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Posted on Thu, Mar. 30, 2006

Death prompts hazing bill


Matt Carrington's presence is everywhere at his mother's Pleasant Hill home, but Debbie Smith is not willing to stop her fight until her son's name is well known in Sacramento, too.

Smith is pressing state lawmakers to pass what she calls "Matt's Law," a bill that would crack down on hazing rituals such as the one that killed her son last year at Chico State. The proposal would make it easier to prosecute violators who are not college students and give California one of the strictest hazing laws in the country.

"I don't want to see a bunch of kids in prison, but they have to be held accountable," said Smith, surrounded in her living room by photographs of her 21-year-old son. "It's a crime, and it should be a criminal act to torture and kill."

That is the message Smith and her friends and relatives have printed on colorful fliers being passed out to Sacramento legislators before April hearings on the bill. In one corner of the flier is a picture of the smiling Carrington; ringing the sheet of paper are other photos, mostly of grieving friends and relatives after Carrington's death.

Carrington died in February 2005 after being forced to drink gallons of water and do calisthenics in frigid air so he could be initiated into the Chi Tau fraternity, which had previously been kicked off the Chico campus for alcohol violations. Several fraternity members later agreed to jail terms of up to one year, but not before prosecutors struggled to work within the confines of current hazing laws.

State law limits hazing prosecutions to students, and some of Carrington's tormentors did not attend college. The proposed law would move hazing prohibitions from the Education Code to the Penal Code.

Sen. Tom Torlakson, D-Antioch, who introduced the bill, said Smith's emotional appeals prompted him to act.

"The more you think about it and hear the plea of a parent, it moves you and you think of the stupidity and harm hazing causes," Torlakson said. "I felt this was something that would strengthen the law."

The new law would define hazing as harmful initiation rituals for entry into any organization, student-related or otherwise, and it would allow felony charges in the event of injury or death. It also would hold the organizations accountable for hazing.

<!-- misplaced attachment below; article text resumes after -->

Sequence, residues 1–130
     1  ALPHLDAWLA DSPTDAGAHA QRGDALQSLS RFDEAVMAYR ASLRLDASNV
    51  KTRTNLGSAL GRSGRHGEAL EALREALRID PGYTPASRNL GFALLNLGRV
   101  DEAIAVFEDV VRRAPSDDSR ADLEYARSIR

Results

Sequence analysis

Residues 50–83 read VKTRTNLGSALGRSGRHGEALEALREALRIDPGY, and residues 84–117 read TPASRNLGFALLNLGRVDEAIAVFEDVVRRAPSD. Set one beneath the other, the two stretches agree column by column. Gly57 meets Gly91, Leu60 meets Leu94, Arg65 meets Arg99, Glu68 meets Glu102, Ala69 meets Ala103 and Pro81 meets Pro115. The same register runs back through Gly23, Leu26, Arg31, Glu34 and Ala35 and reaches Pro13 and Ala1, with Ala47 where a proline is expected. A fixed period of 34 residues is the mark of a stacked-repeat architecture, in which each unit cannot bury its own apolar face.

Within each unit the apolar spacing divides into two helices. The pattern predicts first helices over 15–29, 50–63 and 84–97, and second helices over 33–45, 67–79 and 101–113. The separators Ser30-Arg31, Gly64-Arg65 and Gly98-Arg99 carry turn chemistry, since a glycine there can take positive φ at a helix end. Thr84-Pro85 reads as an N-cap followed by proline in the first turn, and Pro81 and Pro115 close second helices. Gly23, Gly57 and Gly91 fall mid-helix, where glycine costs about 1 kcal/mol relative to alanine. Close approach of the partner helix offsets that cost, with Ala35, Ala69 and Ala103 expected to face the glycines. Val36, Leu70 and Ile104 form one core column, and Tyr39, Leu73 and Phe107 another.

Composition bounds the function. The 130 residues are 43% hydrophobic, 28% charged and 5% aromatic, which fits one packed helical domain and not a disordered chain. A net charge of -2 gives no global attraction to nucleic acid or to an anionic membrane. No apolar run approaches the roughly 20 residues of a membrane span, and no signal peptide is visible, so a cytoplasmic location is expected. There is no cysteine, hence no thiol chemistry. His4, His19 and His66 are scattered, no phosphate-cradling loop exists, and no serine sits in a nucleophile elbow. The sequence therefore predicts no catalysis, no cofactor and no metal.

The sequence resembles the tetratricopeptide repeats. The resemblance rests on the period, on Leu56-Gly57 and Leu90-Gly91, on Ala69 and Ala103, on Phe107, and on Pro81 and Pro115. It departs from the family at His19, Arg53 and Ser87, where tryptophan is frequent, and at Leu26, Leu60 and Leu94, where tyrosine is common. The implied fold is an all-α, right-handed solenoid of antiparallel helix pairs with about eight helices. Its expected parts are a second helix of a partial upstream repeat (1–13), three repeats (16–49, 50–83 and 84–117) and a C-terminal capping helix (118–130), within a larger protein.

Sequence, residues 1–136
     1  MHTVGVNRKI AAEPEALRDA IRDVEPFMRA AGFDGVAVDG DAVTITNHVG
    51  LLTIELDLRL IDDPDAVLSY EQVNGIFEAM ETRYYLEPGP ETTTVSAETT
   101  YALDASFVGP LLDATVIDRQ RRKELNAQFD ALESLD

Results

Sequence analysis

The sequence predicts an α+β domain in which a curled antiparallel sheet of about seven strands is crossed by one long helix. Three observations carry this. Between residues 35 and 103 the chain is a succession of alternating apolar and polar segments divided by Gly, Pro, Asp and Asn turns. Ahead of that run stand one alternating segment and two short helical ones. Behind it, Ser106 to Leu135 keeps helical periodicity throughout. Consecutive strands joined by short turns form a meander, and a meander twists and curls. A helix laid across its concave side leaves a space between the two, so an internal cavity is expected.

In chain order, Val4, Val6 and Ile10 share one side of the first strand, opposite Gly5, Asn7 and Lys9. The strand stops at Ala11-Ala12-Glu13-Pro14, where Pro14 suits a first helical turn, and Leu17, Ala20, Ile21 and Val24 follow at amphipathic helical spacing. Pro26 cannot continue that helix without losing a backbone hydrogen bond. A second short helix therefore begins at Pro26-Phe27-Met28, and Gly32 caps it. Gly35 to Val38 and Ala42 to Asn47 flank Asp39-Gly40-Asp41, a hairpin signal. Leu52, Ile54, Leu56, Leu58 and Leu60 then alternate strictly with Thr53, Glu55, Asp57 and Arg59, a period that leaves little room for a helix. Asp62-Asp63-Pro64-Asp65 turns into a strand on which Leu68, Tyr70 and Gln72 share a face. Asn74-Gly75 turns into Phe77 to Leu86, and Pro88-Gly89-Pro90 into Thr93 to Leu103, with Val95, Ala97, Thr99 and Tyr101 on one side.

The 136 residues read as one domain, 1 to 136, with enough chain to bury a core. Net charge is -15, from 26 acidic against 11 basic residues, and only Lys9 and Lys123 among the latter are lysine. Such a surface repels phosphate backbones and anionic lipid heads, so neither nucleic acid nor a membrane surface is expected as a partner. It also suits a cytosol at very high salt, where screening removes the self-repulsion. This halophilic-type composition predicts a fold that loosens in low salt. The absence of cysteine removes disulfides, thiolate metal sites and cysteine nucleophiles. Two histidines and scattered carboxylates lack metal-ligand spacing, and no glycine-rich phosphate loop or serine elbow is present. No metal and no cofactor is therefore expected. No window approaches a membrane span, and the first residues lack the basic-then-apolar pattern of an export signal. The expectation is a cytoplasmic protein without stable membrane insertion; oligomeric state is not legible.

Some hazing experts say more states should hold fraternities responsible.

"Unfortunately, the lack of that kind of legislation allows organizations to pawn off illegal actions on individuals," said Douglas Fierberg, a Washington lawyer who has represented Carrington's family in lawsuits against fraternity members. "They wait for a circumstance in which it's exposed by a school or by an injured student and then they react."

At Chico State, Carrington's death had swift and heavy consequences for fraternities and sororities. University president Paul Zingg banned alcohol in chapter houses, raised academic requirements and postponed recruitment activities.

Campus officials hoped to crack down on hazing and other bad behavior, and the actions prompted several Greek organizations to disband. But hazing has been around since at least the 1800s, and officials said they are waiting to see how much influence they have had on long-standing traditions.

"It's a continuous attempt to change the culture," said Herman Ellis, Chico State's assistant vice president for student life. "That's not going to happen overnight."

Fraternity leaders at Chico State could not be reached for comment, while Greeks at UC Berkeley, which has dealt with its own hazing incidents, did not return phone or e-mail messages.

Hazing opponents such as Smith say stricter laws would help prevent deadly incidents by making the rules clearer. College administrators say students rarely understand that hazing is illegal.

Carrington's death "was so preventable," his mother said. "It didn't have to happen, and it doesn't have to happen again."

2006 and wire service sources. All Rights Reserved.